Extending Indian Khmer civilisation to the higher Mekong River, he established Theravada Buddhism, which had been proclaimed by Khmer monks from Angkor. 1373 Fa Ngum was replaced by his Son Oun Hueun, who did much to organise the model of management and defence for the realm. Photisarath (reign 1520-48), who brought Lan Xang into a two-hundred-year battle against Myanmar and the Thai empire of Ayutthaya, ended this era of calm and tranquillity.
He fought three battles against Ayutthaya and managed to put his son Setthathirath on the Thai state of Chiang Mai (Lan Na) which marks Lan Xang's maximal territory extension. Its rule was characterized by the defeat of Chiang Mai in Myanma, by the relocation of the city from Luang Prabang to Vientiane (Vien Chan) and by the defense against two Myanmar incursions, which took place around 1565 and 1570.
In 1694, when Souligna Vongsa passed away, one of his grandsons took the crown with the help of a Viet Nam military, putting Lan Xang under Viet Namese domination and ushering in a chaotic era that ended in the division of the Lan Xang kings. In 1707, under the supervision of the Nordic Province, they proclaimed their independence and founded the separated kingdoms of Luang Prabang and Vientiane.
In 1713 the southern part of the country splintered and established itself as the Champassak state. Lan Xang was divided into three competing kingdoms and no longer existed. Le Dénastie was the largest and longest continuing Vietnamese family. The Earlier Le, its forerunner, was established by Le Hoan and ran from 980 to 1009.
Later Le was founded when its founding father, Le Loi, began a resistive struggle against the China army that occupied Vietnam. Until 1428 he had freed the land and was able to begin the restoration procedure of the south part of the Indian-Chinese peninsula from the Indian Empire of Champa.
1471 Le Thanh Tong, the greatest of the Le emperors, subdued Champa forever. The Thanh Tong split Vietnam into 13 democracies and founded a three-yearly public administration audit following the example of the one in China. True powers were split between two different tribes, the Trinh in the northern part and the Nguyen with their capitals in Hue in the southern part.
Around 1630 the division between the two had become so severe that the people of the South constructed two ramparts across the Dong Hai plains (at 18° northern latitude) to form the dunes and completed the Northern area by the end of the eighteenth and eighteenth centuries. 1771 a peasants revolt under the leadership of the Tay Son brethren extended throughout the land and seven years later brought down the family.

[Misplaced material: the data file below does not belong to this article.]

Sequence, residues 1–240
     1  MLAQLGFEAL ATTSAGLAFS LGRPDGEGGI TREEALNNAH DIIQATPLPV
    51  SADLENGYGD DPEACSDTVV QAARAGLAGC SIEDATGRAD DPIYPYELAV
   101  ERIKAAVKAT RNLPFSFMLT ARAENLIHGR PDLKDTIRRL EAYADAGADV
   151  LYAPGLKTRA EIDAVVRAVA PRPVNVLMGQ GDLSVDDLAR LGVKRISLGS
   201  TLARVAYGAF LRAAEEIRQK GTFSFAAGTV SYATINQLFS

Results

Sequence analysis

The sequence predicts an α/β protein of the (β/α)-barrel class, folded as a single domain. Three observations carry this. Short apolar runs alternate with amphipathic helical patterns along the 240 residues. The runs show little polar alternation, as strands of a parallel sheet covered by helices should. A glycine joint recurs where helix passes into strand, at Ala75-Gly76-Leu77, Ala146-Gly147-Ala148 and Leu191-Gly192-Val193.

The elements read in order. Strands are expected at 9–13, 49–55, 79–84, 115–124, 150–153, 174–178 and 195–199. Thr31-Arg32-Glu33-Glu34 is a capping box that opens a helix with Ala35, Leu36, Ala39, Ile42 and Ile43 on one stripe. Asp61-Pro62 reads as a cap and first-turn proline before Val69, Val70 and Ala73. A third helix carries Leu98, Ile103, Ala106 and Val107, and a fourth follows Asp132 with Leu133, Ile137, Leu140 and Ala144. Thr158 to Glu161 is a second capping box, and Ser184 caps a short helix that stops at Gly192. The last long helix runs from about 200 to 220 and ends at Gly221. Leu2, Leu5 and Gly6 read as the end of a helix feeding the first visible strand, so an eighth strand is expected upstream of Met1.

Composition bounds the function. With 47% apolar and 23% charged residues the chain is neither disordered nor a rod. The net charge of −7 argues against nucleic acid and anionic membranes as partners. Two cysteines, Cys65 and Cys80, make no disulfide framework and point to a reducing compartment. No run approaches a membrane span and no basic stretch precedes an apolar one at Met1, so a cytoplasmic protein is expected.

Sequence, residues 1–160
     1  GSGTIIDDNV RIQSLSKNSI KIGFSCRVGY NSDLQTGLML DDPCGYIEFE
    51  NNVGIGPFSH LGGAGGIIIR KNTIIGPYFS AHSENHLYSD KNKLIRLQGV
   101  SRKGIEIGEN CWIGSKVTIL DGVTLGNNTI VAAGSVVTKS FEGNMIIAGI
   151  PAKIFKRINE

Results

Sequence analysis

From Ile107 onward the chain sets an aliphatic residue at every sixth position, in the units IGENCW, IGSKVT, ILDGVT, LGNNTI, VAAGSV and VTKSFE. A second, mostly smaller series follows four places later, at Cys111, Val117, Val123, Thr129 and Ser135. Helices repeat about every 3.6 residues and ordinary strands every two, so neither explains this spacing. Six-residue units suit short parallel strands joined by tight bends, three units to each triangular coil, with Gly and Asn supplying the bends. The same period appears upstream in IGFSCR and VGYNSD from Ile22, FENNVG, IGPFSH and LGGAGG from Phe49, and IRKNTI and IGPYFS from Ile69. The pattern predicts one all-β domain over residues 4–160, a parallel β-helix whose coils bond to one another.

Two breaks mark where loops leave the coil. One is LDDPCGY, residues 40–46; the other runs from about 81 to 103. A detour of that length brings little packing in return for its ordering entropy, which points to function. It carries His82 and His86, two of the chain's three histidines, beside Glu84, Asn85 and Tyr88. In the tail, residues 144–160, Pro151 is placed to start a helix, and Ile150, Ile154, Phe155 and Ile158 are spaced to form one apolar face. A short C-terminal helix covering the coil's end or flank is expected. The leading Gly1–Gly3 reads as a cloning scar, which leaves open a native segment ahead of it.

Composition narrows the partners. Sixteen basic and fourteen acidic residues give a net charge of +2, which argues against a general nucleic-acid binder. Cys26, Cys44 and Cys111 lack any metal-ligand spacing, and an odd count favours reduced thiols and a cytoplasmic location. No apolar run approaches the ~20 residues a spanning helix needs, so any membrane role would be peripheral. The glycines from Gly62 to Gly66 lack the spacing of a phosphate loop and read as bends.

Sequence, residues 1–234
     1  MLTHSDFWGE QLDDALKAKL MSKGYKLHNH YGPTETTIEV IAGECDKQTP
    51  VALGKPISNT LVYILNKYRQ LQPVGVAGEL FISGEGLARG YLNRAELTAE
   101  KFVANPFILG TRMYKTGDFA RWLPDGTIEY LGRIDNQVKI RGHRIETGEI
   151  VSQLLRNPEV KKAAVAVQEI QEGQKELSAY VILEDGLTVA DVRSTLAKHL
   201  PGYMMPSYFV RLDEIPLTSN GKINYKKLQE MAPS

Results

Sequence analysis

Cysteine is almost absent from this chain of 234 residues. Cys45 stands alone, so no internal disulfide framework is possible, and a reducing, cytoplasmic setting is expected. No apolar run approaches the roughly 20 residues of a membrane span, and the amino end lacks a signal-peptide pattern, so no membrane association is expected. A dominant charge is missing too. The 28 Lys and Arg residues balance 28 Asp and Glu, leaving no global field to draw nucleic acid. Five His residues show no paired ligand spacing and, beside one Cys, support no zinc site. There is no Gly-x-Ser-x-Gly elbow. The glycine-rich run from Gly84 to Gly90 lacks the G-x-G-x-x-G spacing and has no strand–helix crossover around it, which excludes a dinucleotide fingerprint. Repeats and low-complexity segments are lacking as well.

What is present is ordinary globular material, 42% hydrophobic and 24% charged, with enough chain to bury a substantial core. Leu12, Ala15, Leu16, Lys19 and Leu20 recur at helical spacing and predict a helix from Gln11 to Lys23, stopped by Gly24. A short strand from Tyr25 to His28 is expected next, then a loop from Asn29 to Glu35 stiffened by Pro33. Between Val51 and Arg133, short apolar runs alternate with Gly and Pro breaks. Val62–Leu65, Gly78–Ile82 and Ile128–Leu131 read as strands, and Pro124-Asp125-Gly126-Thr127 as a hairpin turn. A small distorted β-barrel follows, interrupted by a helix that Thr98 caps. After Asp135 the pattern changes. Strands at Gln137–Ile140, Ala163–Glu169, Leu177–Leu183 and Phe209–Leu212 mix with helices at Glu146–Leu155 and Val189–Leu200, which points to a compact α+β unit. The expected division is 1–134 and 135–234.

However, members of the Nguyen community were able to receive help from France and reunify the country under the Nguyenynasty. Late Ly was the first of the three great Vietnamese dykes (Ly, Tran, Le). Later known as Dai Viet, the empire was founded by Ly Thai To in the area of the Red River Delta in what is now North Vietnam.
Hanoi (Thang Long) was the capitol. Former Lyydynasty, created by Ly Bon, last only from 544 to 603. Later Ly was the first solid Viet Nam nationality, helping to consolidate many of the features of the contemporary Viet Nam state. A civilian administration education institute and a study college have been set up.
It was this centrally governed system that allowed Ly to set up a general army that kept the intruding Chinese and the Champa at bay indefinitely for two centenaries. Influenced by the Lyra, Viet Nam's impact expanded south into the area under the control of the Indian Empire of Champa. After emigrating from West China to the south, the Mon tribe set tles in the Chao Phraya River valley (southern Thailand) around the sixth millennium AD.
Its early kingdoms of Dvaravati and Haripunjaya had links to the ancient Funan and China kingdoms of Cambodia and were also strongly affected by Khmer civilisation. In the following century, after the Mon had migrated west into the Irrawaddy River delta in the south of Myanmar, they purchased Theravada Buddhism, their state religion, from Sri Lanka and South India, and adopted the Indian Pali writing.
Around 825 they had settled down in the south and southeast of Myanmar and created the towns of Bago(Pegu)and Thaton. At about the same time, Burmese wanderers to the south took over the land in Myanmar and formed the Bagan Empire. Bagan conquered the Mon Empire in 1057, conquered the city of Thaton and brought 30,000 Mon prisoners to Bagan.
In 1287, after the collapse of Bagan to the Mongols, the Mon under Wareru gained back their sovereignty and conquered Martaban and Bago, practically taking control of their previous area. For the next 200 years there were ceaseless wars between the Mon and the Burmese, but the Mon were able to maintain their autonomy until 1539, when they came under the rule of Toungoo Myanmar.
By the middle of the 18th centuries, the Mon had risen in revolt and re-established their Bago empire, but it took only about 10 years. They are still in Southeast Myanmar, although their numbers are small in comparison to the Burmese population. A number of small Bai kingdoms occupy the Erhai Lake area between the Mekong and Yangtze rivers and the Red River springs, which from the 2. centuries BC were under different levels of control from China.
Namhao was created by the union of six such kingdoms in 729. Heading a small kingdom, Pi-lo-ko expanded his command of the five neighboring kingdoms and joined forces with China, which needed an allies against the hostile Tibetans. When the reunification was completed, Pi-lo-ko set up Nanzhao's center of influence in Dali.